It’s possible the White House could look to assert executive privilege to block Mueller’s testimony, though legal experts say Trump is unlikely to do so successfully.
Trump allowed Mueller to interview several aides as part of his investigation and let Barr release the special counsel’s 448-page report without making a privilege claim.
“To a great degree, that cat is out of the bag,” said Jack Sharman, a former special counsel to Congress during the Whitewater investigation.
Trump is weighing a privilege assertion to prevent testimony by former White House counsel Don McGahn, who is featured extensively in Mueller’s report and has been subpoenaed by the House Judiciary Committee.
In an April 19 letter to Barr criticizing Mueller’s report that surfaced last week, White House lawyer Emmett Flood argued Trump’s decision to allow the report’s release without asserting executive privilege did not preclude him from invoking it to block Congress from receiving testimony from his advisers or underlying evidence related to Mueller’s investigation.
Flood also wrote that Trump had provided documents and allowed advisers to speak with Mueller with the understanding that the material would be treated by Mueller as “presumptively privileged.”
Mueller’s testimony would be nothing short of a spectacle. It presents a unique threat to the White House, given that Democrats are likely to grill the special counsel on the episodes he examined in the course of investigating links between the president’s campaign and Russia and possible obstruction by Trump.
Even though the special counsel did not find evidence to charge members of Trump’s campaign with conspiring with Russia, Mueller’s testimony could undermine the president’s argument that the report completely vindicated him on allegations of obstruction.
“Clearly, testimony from Mueller could call that vindication into question,” said Republican strategist Doug Heye.
In a phone interview, Rep. Ted LieuTed W. LieuLieu calls Catholic bishops 'hypocrites' for move to deny Biden communion Gaetz, under investigative cloud, questions FBI director Crenshaw trolled after asking for examples of 'woke ideology' in military MORE (D-Calif.) surmised that Trump has “realized the Mueller report is actually quite bad for him and that is why he is trying to prevent Robert Mueller from testifying,” adding that Democrats “fully expect” the special counsel to appear before Congress.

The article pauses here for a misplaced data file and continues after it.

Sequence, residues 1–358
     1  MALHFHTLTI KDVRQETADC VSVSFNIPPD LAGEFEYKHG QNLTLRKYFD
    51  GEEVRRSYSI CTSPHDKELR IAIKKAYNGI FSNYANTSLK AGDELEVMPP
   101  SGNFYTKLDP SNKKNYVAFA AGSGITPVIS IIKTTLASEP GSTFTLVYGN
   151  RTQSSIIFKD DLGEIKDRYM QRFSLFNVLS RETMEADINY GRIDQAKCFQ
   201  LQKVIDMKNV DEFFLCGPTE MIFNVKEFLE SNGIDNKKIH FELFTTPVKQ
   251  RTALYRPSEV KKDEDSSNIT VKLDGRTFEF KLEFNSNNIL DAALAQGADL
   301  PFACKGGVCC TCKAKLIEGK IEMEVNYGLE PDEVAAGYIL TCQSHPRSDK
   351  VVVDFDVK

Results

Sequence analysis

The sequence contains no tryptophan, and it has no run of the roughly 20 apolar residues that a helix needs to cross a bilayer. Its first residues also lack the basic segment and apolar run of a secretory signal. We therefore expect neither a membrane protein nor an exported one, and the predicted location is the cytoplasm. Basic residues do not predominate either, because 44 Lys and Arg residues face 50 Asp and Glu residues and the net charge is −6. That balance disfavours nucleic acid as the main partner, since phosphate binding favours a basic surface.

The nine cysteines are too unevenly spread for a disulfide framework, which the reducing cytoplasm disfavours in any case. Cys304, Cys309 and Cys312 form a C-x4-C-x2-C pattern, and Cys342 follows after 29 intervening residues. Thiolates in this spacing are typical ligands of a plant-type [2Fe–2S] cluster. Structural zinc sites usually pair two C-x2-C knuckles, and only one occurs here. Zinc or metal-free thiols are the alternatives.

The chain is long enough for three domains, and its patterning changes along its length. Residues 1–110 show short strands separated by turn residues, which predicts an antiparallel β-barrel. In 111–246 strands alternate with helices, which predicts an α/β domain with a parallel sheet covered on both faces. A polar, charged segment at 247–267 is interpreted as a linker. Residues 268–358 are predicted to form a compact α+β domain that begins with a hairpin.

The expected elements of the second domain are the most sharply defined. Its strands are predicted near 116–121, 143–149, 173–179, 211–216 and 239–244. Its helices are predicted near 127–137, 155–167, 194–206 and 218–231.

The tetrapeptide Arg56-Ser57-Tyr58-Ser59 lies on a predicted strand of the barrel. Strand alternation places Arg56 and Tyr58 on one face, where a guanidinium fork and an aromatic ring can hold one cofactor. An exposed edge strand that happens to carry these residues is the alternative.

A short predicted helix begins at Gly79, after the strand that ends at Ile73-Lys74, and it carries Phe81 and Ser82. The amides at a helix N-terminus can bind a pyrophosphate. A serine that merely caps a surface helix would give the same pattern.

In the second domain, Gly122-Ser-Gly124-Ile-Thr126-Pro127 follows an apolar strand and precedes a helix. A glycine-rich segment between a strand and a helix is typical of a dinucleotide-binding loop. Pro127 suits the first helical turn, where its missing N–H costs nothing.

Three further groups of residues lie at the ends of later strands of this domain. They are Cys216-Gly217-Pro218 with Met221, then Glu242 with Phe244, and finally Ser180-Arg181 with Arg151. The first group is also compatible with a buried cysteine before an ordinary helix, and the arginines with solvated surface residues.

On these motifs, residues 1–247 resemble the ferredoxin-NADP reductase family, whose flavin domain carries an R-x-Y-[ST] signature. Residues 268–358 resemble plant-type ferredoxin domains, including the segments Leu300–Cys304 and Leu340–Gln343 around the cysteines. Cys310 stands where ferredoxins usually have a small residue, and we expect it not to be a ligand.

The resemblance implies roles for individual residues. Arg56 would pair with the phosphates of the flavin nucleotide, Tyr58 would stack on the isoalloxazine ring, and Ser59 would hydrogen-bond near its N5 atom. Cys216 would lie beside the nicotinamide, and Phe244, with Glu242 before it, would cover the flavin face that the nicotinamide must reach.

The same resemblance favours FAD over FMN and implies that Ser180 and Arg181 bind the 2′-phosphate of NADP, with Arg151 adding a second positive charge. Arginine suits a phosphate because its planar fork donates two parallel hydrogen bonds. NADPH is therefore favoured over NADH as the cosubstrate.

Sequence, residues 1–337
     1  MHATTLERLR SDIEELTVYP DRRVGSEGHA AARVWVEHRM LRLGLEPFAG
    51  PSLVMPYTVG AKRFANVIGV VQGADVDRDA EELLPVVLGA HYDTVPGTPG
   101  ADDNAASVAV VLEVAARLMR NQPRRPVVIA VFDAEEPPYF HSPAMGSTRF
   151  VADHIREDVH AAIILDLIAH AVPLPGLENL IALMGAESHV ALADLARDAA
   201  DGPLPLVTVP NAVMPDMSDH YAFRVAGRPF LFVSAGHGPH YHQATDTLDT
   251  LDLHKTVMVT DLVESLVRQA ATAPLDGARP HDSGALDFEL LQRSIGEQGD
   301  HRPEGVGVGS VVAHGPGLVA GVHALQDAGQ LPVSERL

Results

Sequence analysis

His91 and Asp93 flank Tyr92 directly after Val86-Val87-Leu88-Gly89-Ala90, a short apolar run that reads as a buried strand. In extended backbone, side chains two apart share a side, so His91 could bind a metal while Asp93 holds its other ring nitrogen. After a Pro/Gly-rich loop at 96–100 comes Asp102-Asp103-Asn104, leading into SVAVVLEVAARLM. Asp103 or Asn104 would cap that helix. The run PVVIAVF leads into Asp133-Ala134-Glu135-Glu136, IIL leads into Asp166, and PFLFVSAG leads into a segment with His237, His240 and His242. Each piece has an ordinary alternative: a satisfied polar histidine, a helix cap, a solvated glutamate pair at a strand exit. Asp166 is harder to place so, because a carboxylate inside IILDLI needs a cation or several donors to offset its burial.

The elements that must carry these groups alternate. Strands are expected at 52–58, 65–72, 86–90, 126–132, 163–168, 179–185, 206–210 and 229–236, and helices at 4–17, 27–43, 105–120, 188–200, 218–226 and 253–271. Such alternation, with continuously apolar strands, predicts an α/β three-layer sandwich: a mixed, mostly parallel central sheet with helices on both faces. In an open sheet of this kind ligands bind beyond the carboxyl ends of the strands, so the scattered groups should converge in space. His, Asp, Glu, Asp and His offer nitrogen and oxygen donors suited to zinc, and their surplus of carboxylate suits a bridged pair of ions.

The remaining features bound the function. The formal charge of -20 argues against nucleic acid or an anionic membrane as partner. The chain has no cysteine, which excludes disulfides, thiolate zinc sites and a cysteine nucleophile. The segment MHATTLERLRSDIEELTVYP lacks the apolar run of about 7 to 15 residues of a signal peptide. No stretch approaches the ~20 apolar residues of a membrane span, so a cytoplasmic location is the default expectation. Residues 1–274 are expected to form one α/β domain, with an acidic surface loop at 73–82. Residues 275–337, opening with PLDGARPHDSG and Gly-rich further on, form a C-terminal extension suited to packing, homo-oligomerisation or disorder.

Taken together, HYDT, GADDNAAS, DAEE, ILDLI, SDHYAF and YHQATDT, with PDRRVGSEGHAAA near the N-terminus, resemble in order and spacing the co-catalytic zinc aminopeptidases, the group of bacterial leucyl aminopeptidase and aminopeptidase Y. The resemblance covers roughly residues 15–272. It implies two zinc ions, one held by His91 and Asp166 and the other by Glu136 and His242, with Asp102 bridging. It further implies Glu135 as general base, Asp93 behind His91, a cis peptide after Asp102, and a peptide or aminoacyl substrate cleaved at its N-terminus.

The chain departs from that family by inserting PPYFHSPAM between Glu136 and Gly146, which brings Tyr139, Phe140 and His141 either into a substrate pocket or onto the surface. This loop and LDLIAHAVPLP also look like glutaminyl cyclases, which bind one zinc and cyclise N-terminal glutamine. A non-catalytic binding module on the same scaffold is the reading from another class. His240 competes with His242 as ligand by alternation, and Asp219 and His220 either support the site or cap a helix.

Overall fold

It’s not a sure thing that Mueller would offer new bombshells.
Mueller is unlikely to talk about much more than the facts as laid out in the public report, 10 percent of which is redacted to protect ongoing probes and other sensitive information.
Republicans have also pushed for Mueller to testify, something that raises the odds he’ll eventually appear. They’re likely to focus their questions on whether FBI agents were biased in opening a probe into the Trump campaign.
In the Senate, Judiciary Chairman Lindsey GrahamLindsey Olin GrahamGraham quips key to working with Trump: We both 'like him' Centrists gain leverage over progressives in Senate infrastructure battle Lawmakers rally around cyber legislation following string of attacks MORE (R-S.C.) has offered Mueller the chance to testify in order to refute any of Barr’s claims about a phone conversation they had in late March. In that conversation, Barr said Mueller expressed frustrations about the media coverage of the attorney general's four-page memo laying out his investigative conclusions.
Democrats argue the nation needs to hear from Mueller to make up for Barr’s memo.
“Barr is not a reliable narrator at this point. He is a one man spin factory so we’ve had enough of the propaganda,” Raskin said.
Yet even as they push ahead, a new NBC News–Wall Street Journal poll points to risks for Democrats.
The poll released Sunday found that 45 percent of independents are against Congress holding impeachment hearings, compared to just 19 percent who believe there's enough evidence to begin such proceedings. Thirty-four percent say Congress should continue to investigate to see if there's enough evidence to begin impeachment hearings.